We’re smart. We’re old. And we’re the best at everything.
The World’s-First No-BS Guide to Legal Marketing and Branding
By Ross Fishman, CEO, Fishman Marketing, Inc.
Reviewed by G. Steven Henry, Executive Director and General Counsel, Litigation Counsel of America
When I practiced law in Dallas in the early 1980s, I marveled at the book-lined hallways of one of the city’s oldest and most prestigious law firms. It was big, revered, sat high above the largest bank in town (its client forever), in the tallest building in town (at one time), and was, with fast-growing progressive firms plucking its formerly loyal clients, hopelessly stuck in the past. It would soon close its doors. Dallas was beginning the infancy of law firm marketing and either you recognized and accepted it, or you went away.
Until the last decade of twentieth century, the term “law firm marketing” was still a bit of a misnomer. Partnerships publicized themselves the old fashioned way ‒ through cozy connections: word-of-mouth referrals on the golf course or in the clubhouse. Perhaps a firm would run a staid black-and-white ad every now and again in an appropriate legal publication, recognizing a lawyer who received a professional award. But aggressively putting your firm “out there” as the focus of a commercial ad campaign? Heavens! That was just gauche, and practically called for smelling salts and a fainting couch.
In the early 1990s, though, stodgy legal marketing started getting shaken up. The waters roiled. True pioneers, such as Chicago’s Ross Fishman, entered the picture and brought new ideas and a fresh perspective to the starchy, pretentious scene. Law firms, said these innovators, could and should reflect cohesive business strategies in their marketing. They could be creative. They could run ads… in color! They could even have a bit of fun in the process. Progressive, aggressive firms were winning the day and leading the way, overcoming previously inflexible ethical rules relative to advertising.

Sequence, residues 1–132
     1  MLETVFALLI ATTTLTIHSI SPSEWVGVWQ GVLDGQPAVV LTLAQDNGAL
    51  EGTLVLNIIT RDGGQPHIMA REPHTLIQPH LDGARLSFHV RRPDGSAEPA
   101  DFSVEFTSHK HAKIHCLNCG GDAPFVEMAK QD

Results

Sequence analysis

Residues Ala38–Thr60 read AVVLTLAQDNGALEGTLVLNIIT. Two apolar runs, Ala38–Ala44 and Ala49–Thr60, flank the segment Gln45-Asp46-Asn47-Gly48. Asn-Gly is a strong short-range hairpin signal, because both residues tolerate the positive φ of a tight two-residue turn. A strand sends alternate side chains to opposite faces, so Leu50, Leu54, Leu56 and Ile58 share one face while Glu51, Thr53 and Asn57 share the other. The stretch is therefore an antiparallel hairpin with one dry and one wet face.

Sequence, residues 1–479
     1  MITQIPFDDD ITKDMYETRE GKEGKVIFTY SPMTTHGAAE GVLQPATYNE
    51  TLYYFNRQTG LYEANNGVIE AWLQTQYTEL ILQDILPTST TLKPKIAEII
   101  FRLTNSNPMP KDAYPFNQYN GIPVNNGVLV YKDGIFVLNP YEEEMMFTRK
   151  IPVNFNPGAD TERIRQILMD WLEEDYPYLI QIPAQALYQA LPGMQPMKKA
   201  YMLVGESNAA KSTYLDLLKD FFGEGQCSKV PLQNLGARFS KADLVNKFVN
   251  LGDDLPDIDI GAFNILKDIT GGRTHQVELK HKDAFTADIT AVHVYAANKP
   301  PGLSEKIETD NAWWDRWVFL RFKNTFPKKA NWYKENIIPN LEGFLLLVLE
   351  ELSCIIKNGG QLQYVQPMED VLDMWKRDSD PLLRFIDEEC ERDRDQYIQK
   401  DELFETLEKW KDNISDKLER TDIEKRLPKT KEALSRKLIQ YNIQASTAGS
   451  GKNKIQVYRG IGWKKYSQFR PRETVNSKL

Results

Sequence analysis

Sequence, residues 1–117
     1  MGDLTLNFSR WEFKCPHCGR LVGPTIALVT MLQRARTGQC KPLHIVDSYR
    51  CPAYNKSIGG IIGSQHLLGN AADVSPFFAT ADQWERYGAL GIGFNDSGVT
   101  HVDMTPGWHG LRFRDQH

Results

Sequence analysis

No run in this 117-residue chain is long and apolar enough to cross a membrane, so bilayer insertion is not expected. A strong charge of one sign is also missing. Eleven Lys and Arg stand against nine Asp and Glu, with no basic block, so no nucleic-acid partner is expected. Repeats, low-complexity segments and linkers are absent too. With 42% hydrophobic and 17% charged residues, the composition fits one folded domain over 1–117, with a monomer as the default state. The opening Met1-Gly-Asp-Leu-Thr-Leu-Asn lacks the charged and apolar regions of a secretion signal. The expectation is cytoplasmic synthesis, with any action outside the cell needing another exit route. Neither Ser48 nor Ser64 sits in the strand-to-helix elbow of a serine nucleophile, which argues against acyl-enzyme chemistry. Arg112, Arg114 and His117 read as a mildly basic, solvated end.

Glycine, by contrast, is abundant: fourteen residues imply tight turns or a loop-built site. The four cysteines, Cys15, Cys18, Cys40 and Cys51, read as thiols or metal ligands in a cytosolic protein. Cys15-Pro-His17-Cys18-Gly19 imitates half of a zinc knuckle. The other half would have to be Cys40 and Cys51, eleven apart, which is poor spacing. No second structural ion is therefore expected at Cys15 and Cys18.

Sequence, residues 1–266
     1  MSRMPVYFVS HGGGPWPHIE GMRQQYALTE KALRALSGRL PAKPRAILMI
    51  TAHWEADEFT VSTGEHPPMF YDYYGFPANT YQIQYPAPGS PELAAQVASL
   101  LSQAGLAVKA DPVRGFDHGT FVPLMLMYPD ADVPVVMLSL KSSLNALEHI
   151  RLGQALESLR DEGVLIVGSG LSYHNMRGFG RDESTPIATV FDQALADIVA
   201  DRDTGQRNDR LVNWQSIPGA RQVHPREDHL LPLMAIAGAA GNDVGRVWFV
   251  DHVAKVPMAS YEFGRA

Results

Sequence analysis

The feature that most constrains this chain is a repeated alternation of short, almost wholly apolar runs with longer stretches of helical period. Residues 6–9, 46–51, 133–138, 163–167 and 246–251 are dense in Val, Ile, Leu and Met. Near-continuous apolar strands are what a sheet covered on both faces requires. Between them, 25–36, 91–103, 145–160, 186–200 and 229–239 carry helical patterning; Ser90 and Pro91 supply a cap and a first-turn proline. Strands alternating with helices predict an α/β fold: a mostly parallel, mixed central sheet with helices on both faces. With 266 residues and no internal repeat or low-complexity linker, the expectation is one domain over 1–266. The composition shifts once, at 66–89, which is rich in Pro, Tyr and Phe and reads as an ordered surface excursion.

A few renegades like Fishman managed to persuade some of the firms they served to break out of their crusty shells and bring their marketing to a new, inventive level. And the outcomes were laudable. Firms that were brave enough to embrace new approaches and differentiate themselves from the crowd saw results. They got noticed… and they got business.
In “We’re smart. We’re old. And we’re the best at everything,” Fishman shares the valuable insights he earned over three decades in the legal marketing trenches. As you might glean from the title alone, he imparts this wisdom in a non-pretentious, funny, and thoroughly entertaining way. A popular speaker at conferences and other legal events, Fishman ‒ a lawyer himself and marketing partner who has owned and managed Fishman Marketing since 1998 ‒ tells the backstories to dozens of powerful marketing campaigns he’s spearheaded.